The state of Wisconsin has experienced a record-breaking amount of precipitation over the last decade, resulting in billions of dollars in flood damage to homes, businesses, and public infrastructure. Fortunately, there are resources available and steps you can take to prepare for increasingly severe weather and minimize your municipality’s risk of flood damage.
R/M recently partnered with the City of Columbus to coordinate a water quality trade with Nasco, a neighboring industrial point source located within the Rock River Basin. Keep reading to learn how our team helped Nasco and the City protect the Rock River and comply with their permit limits.
In July of 2020, roughly 50,000 people will flood Milwaukee and its surrounding communities for the Democratic National Convention (DNC). Whether your municipality is adjacent to the City of Milwaukee or 60 miles away, the DNC will likely have an impact on your residents and businesses. In order to make the most out of this opportunity, preparation for an event of this scale needs to start now. Here are our best tips to help your community thrive during the DNC.
Process instrumentation is an often overlooked, yet incredibly important component of wastewater treatment operations in small to medium size wastewater treatment facilities. Learn how the City of Hartford Water Pollution Control Facility (WPCF) implemented additional process instrumentation to enhance their operations.
Process instrumentation and overall solids management are two often overlooked, yet incredibly important components of wastewater treatment operations in small to medium size wastewater treatment facilities. Learn how effective process instrumentation and management of the downstream solids process can greatly improve your facility operations.
Many municipalities face the problems of declining roadway infrastructure and limited funds to pay for repairs. Adhering to a set road maintenance plan can help your municipality save time, money, and dramatically extend the life of your roads. Keep reading to learn how the Village of Hartland found success by adopting a new pavement management model.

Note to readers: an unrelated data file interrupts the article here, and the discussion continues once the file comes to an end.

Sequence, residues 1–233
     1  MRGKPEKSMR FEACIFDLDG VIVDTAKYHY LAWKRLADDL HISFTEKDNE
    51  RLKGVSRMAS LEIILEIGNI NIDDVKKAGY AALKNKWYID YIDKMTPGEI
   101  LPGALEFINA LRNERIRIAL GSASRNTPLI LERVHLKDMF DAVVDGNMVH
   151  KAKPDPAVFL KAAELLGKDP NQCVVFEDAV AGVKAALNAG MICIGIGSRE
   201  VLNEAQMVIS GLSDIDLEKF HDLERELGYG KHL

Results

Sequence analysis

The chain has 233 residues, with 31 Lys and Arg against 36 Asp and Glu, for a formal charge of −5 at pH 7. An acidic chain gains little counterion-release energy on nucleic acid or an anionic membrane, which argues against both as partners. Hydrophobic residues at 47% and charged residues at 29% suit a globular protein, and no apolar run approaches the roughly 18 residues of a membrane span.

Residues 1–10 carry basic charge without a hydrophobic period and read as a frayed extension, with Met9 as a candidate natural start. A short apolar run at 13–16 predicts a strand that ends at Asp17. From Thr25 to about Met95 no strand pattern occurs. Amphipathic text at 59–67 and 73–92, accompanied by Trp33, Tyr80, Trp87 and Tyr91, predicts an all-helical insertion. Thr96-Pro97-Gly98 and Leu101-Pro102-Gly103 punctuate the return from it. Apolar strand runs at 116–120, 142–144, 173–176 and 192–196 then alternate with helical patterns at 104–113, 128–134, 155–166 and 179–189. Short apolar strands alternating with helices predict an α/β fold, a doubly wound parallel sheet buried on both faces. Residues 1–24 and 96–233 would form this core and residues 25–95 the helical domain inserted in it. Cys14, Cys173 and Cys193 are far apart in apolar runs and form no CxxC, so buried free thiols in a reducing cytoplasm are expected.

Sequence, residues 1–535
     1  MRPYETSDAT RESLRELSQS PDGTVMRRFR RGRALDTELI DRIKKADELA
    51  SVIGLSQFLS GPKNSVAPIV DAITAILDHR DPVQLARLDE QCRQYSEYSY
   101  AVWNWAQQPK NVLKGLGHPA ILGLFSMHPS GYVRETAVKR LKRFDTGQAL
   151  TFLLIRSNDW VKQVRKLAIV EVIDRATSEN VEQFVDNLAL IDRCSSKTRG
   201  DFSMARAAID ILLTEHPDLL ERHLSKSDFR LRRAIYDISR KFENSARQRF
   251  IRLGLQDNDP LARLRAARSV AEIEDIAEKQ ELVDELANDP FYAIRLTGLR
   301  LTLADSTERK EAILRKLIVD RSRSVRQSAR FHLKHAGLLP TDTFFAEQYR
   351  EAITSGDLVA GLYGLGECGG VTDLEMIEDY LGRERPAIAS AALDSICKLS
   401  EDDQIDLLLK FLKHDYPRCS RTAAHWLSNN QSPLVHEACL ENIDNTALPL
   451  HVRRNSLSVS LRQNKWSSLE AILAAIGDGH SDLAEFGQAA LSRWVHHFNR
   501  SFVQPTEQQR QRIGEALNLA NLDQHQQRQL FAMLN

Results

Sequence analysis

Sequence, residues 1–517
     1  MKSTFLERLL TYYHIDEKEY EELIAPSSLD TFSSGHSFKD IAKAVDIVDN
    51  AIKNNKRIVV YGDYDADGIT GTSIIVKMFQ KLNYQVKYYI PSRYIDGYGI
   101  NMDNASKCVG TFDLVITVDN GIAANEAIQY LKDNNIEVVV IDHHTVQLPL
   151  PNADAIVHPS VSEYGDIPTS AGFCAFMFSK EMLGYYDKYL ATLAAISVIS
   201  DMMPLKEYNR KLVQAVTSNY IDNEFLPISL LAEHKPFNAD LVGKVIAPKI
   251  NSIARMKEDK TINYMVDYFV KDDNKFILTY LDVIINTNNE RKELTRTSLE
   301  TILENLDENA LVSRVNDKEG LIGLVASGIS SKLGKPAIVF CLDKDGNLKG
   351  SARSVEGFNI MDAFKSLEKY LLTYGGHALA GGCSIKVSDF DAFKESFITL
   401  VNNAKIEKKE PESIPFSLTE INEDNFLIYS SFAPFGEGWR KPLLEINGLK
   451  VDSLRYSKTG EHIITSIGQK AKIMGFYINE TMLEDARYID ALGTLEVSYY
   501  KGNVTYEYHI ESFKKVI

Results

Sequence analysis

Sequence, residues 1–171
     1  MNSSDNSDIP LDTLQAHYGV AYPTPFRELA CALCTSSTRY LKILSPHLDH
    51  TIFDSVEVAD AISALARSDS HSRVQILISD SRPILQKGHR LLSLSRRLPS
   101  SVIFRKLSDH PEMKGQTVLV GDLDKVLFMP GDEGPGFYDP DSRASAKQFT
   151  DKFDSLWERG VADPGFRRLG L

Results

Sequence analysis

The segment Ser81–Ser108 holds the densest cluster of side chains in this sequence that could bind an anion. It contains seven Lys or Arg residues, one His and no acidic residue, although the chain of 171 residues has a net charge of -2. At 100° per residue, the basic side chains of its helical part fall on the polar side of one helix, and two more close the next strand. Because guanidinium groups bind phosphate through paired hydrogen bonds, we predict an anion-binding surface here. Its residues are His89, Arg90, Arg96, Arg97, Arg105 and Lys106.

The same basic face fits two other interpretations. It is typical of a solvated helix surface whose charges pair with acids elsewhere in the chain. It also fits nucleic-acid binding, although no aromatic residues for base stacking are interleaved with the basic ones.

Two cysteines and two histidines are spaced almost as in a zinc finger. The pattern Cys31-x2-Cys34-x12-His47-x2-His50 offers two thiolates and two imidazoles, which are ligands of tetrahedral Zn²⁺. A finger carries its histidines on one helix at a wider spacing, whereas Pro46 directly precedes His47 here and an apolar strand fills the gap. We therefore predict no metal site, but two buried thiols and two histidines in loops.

The Village of Hartland’s Arlene Drive sanitary lift station serves a high-end residential community adjacent to a golf course. Many of the homes served by this submersible lift station use a cleaning service. Unfortunately, “disposable” wipes and other cleaning materials that are frequently used by these cleaning services are often flushed down the toilet, clogging the lift station pumps. Before this issue was resolved, the Village utility staff were sent out several times a week to pull the pumps from the wet well and unclog them.
The City of Franklin had one subdivision that was experiencing unusually high peak to average sewer flows. A hundred homes were 1950’s vintage, the subdivision was rural cross section with ditches, and there were known homes with hung plumbing and possible cross connections. Learn how utility rehabilitation assisted in resolving this issue.
The Village of Mukwonago recently committed to building a new 115-acre business park in its thriving community. The key to the development of the business park was a clear understanding of its community-wide infrastructure systems and how that expanded infrastructure would fit within the community’s infrastructure puzzle.
Ruekert & Mielke, Inc. (R/M) provided the City of Sheboygan with electrical engineering services to layout and design an LED lighting system to serve their new SouthPointe Enterprise Campus. By going with an LED-based lighting system, the City will benefit through reduced energy consumption, lower maintenance, and longer-lasting fixtures.